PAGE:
Thursday, September 1, 2016

Entertaining

"My First Dinner Party"

Back when being a housewife was just the assumed roll for a woman, one of your core responsibilities 

was to be the perfect hostess. Especially when it comes to entertaining! To the 1950's (&60's) 

housewife, entertaining was like an art form. And since I am trying to modernize the art of housewifery, 

I thought it was about time to start brushing up on my hostessing skills. And what better way to do that, 

then to throw my very first dinner party! 


Ok, so let's jump in. I decided to host some of my absolutely favorite people in the world. My mother, 

and best friends Shari, MaryBeth, and Emilie. I knew they would be honest, and ton of fun. So let's 

jump into some fun tips I learned. 


Plan your meal/theme
I decided to keep it simple this time, I didn't theme anything I just wanted to focus on food and 

presentation. So for this meal I chose 4 courses. Appetizers, soup, main course, dessert & coffee. When 

planning out your meal, think of your colors, tt seems silly, but my mom told me that when she was in 

Home Economics, they always taught about making your plate look beautiful! So try not to make 

Salmon, carrots, and pumpkin soup. Think colorful! And think about taste pallet, and your timing. For 

example, you may not want to make homemade bread, beef wellington, and a souffl√© your first run. All 

of those things require being served hot and fresh, and all need your oven.

 Here was my exact menu:
Appetizer: Goat cheese & fruit
Soup: Mushroom Bisque
Main Course: Chicken Kiev, Asparagus, New Potatoes
Dessert: Chocolate Cake


Don't break the cardinal rule!
"Never experiment with a new dish for a party. If you've found a recipe that sounds exciting, give it a 

test run on the family before presenting it to guests. This may mean investing a few extra dollars in a 

dress rehearsal, but if it spares you the embarrassment of failure or the disappointment of a less than 

smashing success, it's worth the small tab."

-Betty Crocker, Hostess Handbook


I quote this because I broke the cardinal rule! Other than the appetizers, and the sides, I had never made 

any of these recipes before. And I can tell you from first hand experience, I put a lot of unnecessary 

stress on myself by doing this. The only thing that can be tricky about cooking for close friends and 

family, is that they have most likely tried all of your most impressive dishes before. And let's be honest, 

12% of the reason we throw dinner parties is to impress our guests with the fact that we are really an 

undercover chef. But I know now for the next party, I will definitely make something I know, or test 

my recipes on my live-in Guinea pig, Justin.


Have a schedule
In every way, have a schedule. An oven schedule, a cleaning schedule, a decorating schedule. 

Things to do the day before:
Clean your home
Bake anything you can make ahead, bread, cakes
Make sure all of your serving dishes, and plates are cleaned and ready to go

Things to do the day of:
Make salad dressings
Prepare drinks, punch, tea..
Get ready in plenty of time, and apron it up!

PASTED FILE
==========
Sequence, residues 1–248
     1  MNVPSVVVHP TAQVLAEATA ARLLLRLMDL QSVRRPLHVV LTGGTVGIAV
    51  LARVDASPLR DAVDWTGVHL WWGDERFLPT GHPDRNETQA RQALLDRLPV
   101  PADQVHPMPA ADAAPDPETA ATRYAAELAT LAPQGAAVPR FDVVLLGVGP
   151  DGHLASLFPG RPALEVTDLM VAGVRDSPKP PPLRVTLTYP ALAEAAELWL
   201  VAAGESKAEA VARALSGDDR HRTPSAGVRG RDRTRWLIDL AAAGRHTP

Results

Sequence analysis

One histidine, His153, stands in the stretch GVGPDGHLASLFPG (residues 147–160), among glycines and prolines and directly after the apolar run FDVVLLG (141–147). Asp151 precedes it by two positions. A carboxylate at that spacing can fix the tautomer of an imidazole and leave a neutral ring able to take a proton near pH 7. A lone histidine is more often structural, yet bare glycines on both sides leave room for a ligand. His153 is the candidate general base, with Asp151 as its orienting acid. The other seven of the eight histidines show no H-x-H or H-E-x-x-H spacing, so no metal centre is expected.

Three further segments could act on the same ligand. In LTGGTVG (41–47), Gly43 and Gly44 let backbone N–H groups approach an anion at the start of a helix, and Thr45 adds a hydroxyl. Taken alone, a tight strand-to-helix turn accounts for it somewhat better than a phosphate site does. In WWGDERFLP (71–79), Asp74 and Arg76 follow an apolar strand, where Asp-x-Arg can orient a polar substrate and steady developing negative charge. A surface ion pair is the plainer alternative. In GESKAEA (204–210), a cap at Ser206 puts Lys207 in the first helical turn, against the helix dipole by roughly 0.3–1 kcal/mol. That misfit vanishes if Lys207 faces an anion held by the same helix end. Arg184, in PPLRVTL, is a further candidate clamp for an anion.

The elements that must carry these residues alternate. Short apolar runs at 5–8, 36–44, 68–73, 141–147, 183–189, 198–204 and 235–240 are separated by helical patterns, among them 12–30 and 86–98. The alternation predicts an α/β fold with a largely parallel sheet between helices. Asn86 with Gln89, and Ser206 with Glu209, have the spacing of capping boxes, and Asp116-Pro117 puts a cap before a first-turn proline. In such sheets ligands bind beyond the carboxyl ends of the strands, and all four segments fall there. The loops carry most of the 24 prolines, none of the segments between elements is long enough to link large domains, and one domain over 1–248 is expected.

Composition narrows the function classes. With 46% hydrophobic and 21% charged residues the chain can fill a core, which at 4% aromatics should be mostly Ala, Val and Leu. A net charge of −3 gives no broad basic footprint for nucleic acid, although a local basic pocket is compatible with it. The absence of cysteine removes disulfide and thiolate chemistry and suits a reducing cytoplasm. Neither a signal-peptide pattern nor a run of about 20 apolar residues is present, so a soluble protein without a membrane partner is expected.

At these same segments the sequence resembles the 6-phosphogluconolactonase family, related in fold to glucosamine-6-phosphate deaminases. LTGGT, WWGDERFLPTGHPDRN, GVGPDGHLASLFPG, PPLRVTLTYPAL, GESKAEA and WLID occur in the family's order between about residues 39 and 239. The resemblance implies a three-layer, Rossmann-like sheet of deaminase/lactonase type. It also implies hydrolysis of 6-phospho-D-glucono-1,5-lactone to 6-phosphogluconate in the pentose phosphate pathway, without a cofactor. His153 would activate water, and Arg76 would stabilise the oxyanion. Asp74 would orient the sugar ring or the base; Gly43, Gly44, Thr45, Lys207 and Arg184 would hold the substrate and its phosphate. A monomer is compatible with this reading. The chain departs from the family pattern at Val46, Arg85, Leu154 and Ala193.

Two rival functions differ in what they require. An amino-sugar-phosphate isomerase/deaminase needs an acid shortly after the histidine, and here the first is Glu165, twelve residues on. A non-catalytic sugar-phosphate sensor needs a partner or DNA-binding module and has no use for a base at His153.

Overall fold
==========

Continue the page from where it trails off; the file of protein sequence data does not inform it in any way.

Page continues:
And things to do the hour before:
 (I just used my iPhone and told Siri to remind me of things, such as…)
Remind me at 6 to light candles
6:15 set the table
6:30 to warm bread
6:45 set out hors d'oeuvres


Think about when the party is over
As you can see, these plates are vintage. I got the whole set at the flea market, and the woman was 

telling me about how these should never be washed in the dishwasher. Really not that bad in theory, 

but when you are using the serving platter, dinner plates, soup bowls, dessert bowls, coffee cups and 

saucers. Then you absolutely need to keep in mind having a smooth transition between courses without 

causing a "scene", meaning making everyone wait on you to wash dishes before they can eat the next 

course. However, no one wants to stay up until 11pm washing dishes, and then have to wake up the 

next morning to put them all away. So right before everyone arrived, I filled up my sink 1/4 of the way 

with boiling hot water and dish soap. Then when everyone finished each course, I just put the plates 

and silverware in the water, and then after everyone left, all you need to do is drain the water, and rinse 

and dry your dishes! Problem solved!


Think space & budget
So, we are all dealing with different size spaces, and budgets for a party. But just try to keep in mind 

what you can do, and afford. And just like I said in my last post on grocery shopping , don't forget to 

shop your pantry first. See what you have. You may just be short 1-5 ingredients for a whole dinner. 

And now to space, my kitchen is not only open to the living room, but also to our teeny tiny dining 

area. So when entertaining, I always need to be aware of how much time I want to spend speed 

cleaning before people get there. First, I always make a conscious effort to make sure that our 

dishwasher is cleaned out before a party. That way as I am cooking, I can just rinse things off, and load 

it into the dishwasher.


Guys, this book is so for real. It uses to be my Grandma Nadyne's, so that makes it all the more special 

for me to reference. My goal is to use this as my guide to host all manner of parties. Things definitely 

didn't go perfectly the first time, but I plan on continuing to host until I perfect it! So hang around if you 

want to see some more hostess tips, and all of the recipes for my dinner!


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